Can my new business exclude all liability?

UPDATED: Sep 30, 2022

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Can my new business exclude all liability?

I am attempting to start up a small baseball training program out of my garage
where there will be weightlifting among other activities. I am wondering if I can
exclude all liability and responsibility of the health and safety of the
customers in my terms and conditions. The reason I ask this is because though I
will teach proper form and technique, injury with weightlifting is almost
inevitable and kids may joke around and cause harm on themselves. Under no
circumstance do I want to be held responsible for an injury and be sued. All help
is appreciated. Thanks

Asked on May 30, 2016 under Business Law, New Jersey


SJZ, Member, New York Bar / FreeAdvice Contributing Attorney

Answered 6 years ago | Contributor

No one can exclude all liability--you can reduce it, but not negate it entirely.
First, have your adult clients and the parents/legal guardians of minor clients execute a liabilty release form in which they acknowledge the risks of physical training and agree that you are not liable for those risks. This will help protect you from the common run of risks, such as someone straining, pulling, etc. something, or breaking a foot by dropping a weight on it, etc.
But you cannot exclude or limit your liability from anything you do which is *your* fault, such as if an injury occurs because of a flaw in your training or supervision--the only liabilty that can be limited is that due to the nature of the activity, and not that due to what you personally (or fail to do, in regards to safety precautions).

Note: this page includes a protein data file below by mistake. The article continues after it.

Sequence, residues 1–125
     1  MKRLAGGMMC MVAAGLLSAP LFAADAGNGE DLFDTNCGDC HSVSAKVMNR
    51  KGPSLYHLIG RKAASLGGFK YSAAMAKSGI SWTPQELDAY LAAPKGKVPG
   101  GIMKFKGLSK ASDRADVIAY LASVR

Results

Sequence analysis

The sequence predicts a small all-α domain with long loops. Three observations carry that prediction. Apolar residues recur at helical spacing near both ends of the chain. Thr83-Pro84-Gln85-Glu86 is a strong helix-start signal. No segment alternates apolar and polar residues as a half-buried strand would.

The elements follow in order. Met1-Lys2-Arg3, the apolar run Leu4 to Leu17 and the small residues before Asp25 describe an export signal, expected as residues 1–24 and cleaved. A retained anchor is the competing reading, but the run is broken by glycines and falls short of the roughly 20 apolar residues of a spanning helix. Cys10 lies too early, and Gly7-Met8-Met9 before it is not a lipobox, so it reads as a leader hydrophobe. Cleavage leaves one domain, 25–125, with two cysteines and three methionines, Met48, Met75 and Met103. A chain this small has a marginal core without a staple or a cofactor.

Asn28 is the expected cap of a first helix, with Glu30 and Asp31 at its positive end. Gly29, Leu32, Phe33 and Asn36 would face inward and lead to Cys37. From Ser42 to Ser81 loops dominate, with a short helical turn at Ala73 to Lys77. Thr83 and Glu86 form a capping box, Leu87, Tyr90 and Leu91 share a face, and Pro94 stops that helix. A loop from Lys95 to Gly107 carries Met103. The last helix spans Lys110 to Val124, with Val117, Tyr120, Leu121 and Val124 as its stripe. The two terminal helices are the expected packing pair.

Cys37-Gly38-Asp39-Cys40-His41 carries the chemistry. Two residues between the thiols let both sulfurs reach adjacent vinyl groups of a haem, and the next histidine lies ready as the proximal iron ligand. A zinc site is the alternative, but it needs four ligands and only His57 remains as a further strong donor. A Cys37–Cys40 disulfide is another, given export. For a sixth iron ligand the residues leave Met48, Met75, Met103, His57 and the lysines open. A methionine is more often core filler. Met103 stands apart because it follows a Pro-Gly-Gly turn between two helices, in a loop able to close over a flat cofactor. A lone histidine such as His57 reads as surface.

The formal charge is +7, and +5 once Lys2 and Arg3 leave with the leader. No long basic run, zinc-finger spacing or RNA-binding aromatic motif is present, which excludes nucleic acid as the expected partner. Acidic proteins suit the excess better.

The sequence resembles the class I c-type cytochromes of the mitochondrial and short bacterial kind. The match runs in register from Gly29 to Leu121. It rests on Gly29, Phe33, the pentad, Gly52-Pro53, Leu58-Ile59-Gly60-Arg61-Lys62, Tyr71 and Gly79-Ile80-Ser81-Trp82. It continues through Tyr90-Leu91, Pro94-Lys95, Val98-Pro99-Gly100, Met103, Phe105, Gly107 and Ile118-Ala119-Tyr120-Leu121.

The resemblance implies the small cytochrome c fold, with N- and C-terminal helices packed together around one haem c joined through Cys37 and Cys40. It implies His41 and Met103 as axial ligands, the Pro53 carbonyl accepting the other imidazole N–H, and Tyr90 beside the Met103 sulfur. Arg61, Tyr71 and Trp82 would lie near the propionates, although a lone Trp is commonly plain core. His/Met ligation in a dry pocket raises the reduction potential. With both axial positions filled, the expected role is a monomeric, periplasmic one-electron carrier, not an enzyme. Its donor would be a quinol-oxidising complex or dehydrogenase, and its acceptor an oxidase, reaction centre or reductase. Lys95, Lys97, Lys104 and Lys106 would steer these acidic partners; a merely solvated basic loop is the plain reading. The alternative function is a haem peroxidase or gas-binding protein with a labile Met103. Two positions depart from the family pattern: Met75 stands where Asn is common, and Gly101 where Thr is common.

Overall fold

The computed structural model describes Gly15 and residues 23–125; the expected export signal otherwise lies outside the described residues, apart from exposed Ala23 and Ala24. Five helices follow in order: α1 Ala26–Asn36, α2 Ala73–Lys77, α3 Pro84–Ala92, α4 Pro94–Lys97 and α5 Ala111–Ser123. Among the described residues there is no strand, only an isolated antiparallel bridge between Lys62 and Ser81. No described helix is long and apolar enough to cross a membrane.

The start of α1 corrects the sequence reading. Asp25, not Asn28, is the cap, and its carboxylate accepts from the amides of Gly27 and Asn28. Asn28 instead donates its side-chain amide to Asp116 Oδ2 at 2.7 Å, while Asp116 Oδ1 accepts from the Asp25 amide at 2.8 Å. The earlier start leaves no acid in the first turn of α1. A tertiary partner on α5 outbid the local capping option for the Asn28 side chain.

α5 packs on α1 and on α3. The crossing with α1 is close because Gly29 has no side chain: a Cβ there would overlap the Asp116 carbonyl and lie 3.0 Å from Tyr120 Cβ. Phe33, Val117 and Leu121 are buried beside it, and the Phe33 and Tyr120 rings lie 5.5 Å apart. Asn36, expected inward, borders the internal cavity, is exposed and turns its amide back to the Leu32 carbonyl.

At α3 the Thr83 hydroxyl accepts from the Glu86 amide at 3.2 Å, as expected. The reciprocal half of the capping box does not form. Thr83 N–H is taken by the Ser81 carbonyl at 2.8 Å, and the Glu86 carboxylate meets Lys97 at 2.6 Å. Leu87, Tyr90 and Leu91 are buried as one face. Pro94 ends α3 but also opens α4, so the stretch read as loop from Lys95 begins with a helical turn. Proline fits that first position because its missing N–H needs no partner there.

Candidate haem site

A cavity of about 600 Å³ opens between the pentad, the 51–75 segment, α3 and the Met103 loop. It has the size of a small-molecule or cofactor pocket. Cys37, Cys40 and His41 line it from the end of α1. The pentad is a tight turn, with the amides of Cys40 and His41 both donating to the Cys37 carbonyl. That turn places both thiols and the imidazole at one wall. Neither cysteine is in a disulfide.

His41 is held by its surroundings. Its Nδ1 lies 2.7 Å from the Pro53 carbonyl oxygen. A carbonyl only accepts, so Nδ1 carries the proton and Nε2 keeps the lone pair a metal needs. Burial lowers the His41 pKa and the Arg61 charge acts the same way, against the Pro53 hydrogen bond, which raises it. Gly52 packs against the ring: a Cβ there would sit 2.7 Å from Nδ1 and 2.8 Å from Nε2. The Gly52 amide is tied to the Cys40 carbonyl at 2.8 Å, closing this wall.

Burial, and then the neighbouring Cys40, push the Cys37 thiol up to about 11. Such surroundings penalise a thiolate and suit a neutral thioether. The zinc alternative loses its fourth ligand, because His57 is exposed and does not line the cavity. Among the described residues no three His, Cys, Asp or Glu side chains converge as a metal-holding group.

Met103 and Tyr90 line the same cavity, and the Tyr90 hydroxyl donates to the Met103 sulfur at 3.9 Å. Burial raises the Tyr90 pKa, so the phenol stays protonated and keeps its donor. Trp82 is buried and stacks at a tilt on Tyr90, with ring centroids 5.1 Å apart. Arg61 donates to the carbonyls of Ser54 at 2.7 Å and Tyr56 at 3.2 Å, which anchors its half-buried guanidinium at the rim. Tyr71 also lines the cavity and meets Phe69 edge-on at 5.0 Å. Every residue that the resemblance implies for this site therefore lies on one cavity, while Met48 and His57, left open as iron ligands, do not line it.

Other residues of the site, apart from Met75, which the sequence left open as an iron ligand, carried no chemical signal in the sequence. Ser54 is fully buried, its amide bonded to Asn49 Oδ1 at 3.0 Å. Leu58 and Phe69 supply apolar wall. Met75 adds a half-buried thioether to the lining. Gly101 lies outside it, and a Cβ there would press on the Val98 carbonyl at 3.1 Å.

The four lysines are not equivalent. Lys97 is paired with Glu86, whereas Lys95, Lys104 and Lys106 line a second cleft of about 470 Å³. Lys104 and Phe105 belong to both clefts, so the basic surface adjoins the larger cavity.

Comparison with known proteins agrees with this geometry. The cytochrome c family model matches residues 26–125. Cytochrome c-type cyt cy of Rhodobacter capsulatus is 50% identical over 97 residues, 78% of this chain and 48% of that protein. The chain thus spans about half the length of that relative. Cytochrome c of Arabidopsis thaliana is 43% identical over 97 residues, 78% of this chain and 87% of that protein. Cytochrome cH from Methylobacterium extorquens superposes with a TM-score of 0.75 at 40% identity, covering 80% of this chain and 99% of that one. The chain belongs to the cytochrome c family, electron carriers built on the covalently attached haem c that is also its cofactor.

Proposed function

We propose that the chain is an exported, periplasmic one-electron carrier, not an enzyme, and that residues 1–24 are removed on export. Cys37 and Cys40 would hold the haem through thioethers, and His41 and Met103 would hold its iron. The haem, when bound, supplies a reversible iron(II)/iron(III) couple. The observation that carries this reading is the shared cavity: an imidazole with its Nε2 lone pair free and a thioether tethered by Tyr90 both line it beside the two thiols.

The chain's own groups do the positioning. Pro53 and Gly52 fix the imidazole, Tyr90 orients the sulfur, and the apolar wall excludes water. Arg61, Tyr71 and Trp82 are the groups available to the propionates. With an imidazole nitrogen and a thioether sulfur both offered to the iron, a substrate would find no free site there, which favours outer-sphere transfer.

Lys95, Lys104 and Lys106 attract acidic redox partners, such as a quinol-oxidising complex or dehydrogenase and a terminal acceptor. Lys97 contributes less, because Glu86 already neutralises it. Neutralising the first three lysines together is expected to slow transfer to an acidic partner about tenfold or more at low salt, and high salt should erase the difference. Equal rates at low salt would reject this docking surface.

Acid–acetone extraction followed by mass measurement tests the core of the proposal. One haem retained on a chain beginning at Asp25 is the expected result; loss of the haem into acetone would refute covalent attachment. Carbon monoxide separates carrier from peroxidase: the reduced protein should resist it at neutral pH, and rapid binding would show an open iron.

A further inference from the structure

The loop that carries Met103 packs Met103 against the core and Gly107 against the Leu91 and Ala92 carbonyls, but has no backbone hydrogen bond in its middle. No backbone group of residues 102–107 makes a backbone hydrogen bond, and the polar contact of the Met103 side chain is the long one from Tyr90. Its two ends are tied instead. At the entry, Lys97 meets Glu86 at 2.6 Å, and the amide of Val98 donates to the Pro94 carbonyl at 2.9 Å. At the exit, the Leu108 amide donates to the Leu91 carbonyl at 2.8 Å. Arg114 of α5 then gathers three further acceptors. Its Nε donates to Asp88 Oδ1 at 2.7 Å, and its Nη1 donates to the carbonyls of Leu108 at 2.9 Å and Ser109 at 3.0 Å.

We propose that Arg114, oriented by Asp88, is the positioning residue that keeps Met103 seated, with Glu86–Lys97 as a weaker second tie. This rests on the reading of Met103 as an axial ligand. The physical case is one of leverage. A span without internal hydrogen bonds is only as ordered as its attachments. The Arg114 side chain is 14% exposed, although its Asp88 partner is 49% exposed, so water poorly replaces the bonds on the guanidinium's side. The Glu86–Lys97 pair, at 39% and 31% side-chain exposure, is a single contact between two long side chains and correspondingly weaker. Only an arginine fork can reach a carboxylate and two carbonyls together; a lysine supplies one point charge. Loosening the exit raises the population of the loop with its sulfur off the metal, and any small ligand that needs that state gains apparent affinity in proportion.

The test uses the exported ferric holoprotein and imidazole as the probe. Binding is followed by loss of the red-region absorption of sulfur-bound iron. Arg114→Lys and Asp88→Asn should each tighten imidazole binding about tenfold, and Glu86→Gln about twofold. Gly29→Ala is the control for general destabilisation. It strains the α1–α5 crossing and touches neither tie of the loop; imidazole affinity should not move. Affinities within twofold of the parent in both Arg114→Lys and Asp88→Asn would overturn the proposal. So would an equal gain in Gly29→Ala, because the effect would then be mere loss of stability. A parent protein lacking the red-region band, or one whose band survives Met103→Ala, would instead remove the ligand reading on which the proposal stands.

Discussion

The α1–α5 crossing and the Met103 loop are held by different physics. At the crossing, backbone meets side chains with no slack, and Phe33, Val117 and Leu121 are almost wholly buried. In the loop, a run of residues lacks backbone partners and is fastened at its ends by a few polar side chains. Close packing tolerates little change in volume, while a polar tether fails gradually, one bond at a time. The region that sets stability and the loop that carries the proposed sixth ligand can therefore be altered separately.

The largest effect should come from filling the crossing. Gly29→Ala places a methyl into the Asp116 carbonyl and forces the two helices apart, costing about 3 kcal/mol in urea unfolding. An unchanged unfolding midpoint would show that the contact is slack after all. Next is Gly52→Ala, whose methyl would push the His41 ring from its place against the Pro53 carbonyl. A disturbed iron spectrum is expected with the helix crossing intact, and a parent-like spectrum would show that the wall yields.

So you should also form an LLC and run the business through the LLC. That will further help insulate your personal assets from business-related liability.
Third, buy adequate liability and umbrella insurance, and make sure your home insurer knows you are running a home based training business--if you don't tell them, your homeowner's insurance could likely disclaim or deny coverage, because you will not be using the home purely as a residence, which what standard homeowner's insurance covers.
Have an attorney help you with the waiver form; the lawyer can also set up the LLC for you. Talk with a reputable insurance agent about your insurnace needs. If your business will not economically support the fairly minor costs of having a lawyer set things up right and getting proper insurance, it is not economically worth pursuing, given the risks if you don't take the right precautions.

IMPORTANT NOTICE: The Answer(s) provided above are for general information only. The attorney providing the answer was not serving as the attorney for the person submitting the question or in any attorney-client relationship with such person. Laws may vary from state to state, and sometimes change. Tiny variations in the facts, or a fact not set forth in a question, often can change a legal outcome or an attorney's conclusion. Although has verified the attorney was admitted to practice law in at least one jurisdiction, he or she may not be authorized to practice law in the jurisdiction referred to in the question, nor is he or she necessarily experienced in the area of the law involved. Unlike the information in the Answer(s) above, upon which you should NOT rely, for personal advice you can rely upon we suggest you retain an attorney to represent you.

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